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Siberian Husky

With their wolf like appearance and unique personalities, the Husky’s appeal is unquestionable, but these gorgeous pups aren’t for everyone.

Originating in Northeast Asia (comprising of countries like Russia, Korea, Mongolia and China), the Siberian Husky was bred to pull sleds, as well as for companionship and guarding.

They are a medium dog, growing up to 60 cm and weighing up to 27 kgs with females smaller than males. They come in all colours such as black, white, brown, tan and so on.

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Dog Breed Facts & Characteristics

Origin

Northeast Asia 

Bred for

Sled pulling, companionship

Size 

Weight 16 to 27 kg

Height 51 to 60 cm

Weight Range

16 to 27 kg

Colours

All colours

Life expectancy

12 to 14 years

Coat

Thick double coat 

Temperament 

Energetic, mischievous, social, suits an experienced dog person

Exercise requirements

High

Best suited for 

Experienced dog people with active lifestyles

Apartment Friendly

Not recommended 

Personality

As sled dogs, they are athletic with lots of energy and enjoy sports like agility. Due to this, they are better suited to active households. If their energy isn’t channelled appropriately, they may get frustrated and try to escape, dig or have other destructive behaviour. Some Huskies have retained their hunting instincts so take care introducing your Husky to other animals. Socialising with other dogs, people and animals early in life will help your Siberian Husky become better adjusted as they mature. Overall, the Husky may be better suited to a household of experienced dog people. Because they value lots of play and exercise, they’ll be cramped in a small apartment, and are better suited to larger properties. Huskies also howl rather than bark, so take this into consideration before adopting a Husky. 

Grooming

Being a breed that developed to survive in merciless Siberian winters it’s no surprise that the Husky has a very thick double coat. This needs frequent brushing, and ideally, you’ll have an undercoat rake and a slicker brush to do this at least weekly. This will also help to collect loose hairs which are shed year-round. Trips to your local groomer may be needed to help you tend to your Husky’s thick undercoat. Make sure your Husky is on flea and tick control all year round. 

Feeding

When choosing a food for your Siberian Husky, select a premium food appropriate to your dog’s age and life stage. Follow the recommended feeding guides on the food appropriate to your pet's size. A joint protecting supplement may make a good addition to your regular feeding schedule as your Siberian Husky gets older, as they are susceptible to developing arthritis. Make sure your dog always has a supply of fresh, clean water available.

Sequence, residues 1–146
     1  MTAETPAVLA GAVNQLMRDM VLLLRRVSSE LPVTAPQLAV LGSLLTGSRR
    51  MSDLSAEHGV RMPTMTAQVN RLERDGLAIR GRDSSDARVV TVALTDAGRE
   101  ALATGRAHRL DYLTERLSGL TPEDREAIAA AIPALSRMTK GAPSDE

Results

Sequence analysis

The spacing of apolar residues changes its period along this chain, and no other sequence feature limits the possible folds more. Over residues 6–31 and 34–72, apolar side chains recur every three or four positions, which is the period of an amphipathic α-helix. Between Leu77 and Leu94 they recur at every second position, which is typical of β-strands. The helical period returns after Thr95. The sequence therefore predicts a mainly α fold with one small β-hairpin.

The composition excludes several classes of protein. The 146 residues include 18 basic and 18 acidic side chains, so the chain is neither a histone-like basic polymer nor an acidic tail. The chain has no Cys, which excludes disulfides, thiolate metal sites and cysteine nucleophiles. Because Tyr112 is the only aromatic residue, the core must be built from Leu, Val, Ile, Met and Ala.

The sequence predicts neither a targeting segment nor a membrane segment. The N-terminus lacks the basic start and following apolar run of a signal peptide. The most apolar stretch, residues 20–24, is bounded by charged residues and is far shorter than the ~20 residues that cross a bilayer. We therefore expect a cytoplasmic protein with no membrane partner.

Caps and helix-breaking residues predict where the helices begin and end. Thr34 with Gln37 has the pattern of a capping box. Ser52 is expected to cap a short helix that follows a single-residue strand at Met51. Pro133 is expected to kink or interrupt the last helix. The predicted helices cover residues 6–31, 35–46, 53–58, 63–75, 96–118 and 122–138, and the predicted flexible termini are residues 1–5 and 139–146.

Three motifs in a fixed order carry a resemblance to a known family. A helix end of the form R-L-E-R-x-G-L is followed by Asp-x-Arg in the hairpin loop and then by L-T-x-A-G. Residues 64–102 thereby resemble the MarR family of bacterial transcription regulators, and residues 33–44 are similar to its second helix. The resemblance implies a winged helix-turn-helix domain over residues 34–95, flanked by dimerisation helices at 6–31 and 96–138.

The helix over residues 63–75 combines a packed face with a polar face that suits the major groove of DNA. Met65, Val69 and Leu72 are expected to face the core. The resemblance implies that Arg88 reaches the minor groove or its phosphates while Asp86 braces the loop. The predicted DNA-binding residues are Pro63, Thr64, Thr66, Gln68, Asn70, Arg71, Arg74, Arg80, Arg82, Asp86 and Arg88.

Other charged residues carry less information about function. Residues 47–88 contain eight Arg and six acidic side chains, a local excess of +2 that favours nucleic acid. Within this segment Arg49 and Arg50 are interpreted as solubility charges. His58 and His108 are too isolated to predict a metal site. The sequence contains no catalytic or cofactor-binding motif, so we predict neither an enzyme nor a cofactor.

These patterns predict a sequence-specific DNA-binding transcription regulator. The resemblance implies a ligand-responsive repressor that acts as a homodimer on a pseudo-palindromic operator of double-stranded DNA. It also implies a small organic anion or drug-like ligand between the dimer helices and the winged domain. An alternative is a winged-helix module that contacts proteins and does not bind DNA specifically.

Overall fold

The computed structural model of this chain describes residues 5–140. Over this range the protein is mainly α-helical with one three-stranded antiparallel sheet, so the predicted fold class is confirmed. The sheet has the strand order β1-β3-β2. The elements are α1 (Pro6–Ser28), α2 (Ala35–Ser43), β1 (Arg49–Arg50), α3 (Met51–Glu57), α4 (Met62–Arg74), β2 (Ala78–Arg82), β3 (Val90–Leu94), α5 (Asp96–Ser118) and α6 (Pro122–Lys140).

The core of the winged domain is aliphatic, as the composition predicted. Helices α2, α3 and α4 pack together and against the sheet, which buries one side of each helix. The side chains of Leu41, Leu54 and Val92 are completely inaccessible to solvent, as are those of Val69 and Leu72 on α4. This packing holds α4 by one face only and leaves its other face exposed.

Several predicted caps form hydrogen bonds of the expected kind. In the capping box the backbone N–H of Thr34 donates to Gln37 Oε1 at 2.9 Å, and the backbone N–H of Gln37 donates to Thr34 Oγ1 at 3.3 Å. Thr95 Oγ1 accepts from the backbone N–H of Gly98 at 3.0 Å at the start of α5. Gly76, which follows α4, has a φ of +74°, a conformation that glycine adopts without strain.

Common health concerns 

The five most common reasons for a Siberian Husky to visit the vet (excluding routine care visits) according to PetSure data (from 2019) include:

Rank

Condition

Average cost for single treatment
(average pet insurance claim amount)

Highest cost for single treatment (highest pet insurance claim seen for this condition)

1

Skin Condition (infection, allergy)

$186

$5,915

2

Arthritis

$143

$4,194

3

Ear Condition (infection, allergy) 

$159

$,1484

4

Cruciate ligament disease

$734

$9,141

5

Tumours

$443

$6,819

Disclaimer: Reimbursement for these claims would be subject to limits, such as annual benefit limits or sub-limits, benefit percentage, applicable waiting periods and any applicable excess. Cover is subject to the policy terms and conditions. You should consider the relevant Product Disclosure Statement or policy wording available from the relevant provider.

The dense coat of the Siberian Husky may hide skin infections and allergies which are common in the Siberian Husky. 

Arthritis and cruciate ligament disease are also common as the Siberian Husky ages. Obesity can also worsen these problems, so keeping your Husky fit and lean throughout life is important. 

Most popular Siberian Husky names

Most popular names

  1. Charlie
  2. Bailey
  3. Archie
  4. Daisy
  5. Luna
  6. Murphy
  7. Arlo
  8. Ollie
  9. Willow
  10. Leo

Most popular female names  

  1. Daisy
  2. Luna
  3. Nala
  4. Willow
  5. Rosie
  6. Billie
  7. Honey
  8. Maggie
  9. Millie
  10. Bonnie

Most popular male names

  1. Charlie
  2. Bailey
  3. Archie
  4. Murphy
  5. Arlo
  6. Ollie
  7. George
  8. Leo
  9. Buddy
  10. Alfie

Did you know?

Make some popcorn and check out Eight Below and it’s 1983 Japanese original Antarctica to see Siberian Huskies, Malamutes and Sakhalin Huskies in action.  

Where can I get a Husky?

If you’re looking for a Husky, check out your local Husky specific rescue organisation. Also be sure to check your local pet rescue shelters where you might just find your new best friend! 

References

  1. Wikipedia, Siberian Husky, Accessed on 6/11/20
  2. American Kennel Club, Siberian Husky, Accessed on 6/11/20
  3. Wikipedia, Antarctica (1983 film), Accessed on 6/11/2020

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Kylie Mitchell is a veterinarian with over 17 years experience in animal health and welfare, including in the veterinary and pet insurance industries

She has three rescue cats (Noah, Bei Bei and Meeka), four very old cockatiels and a pond-full of fish.

Kylie's pets

Noah
Noah
Bei Bei
Bei Bei
Meeka
Meeka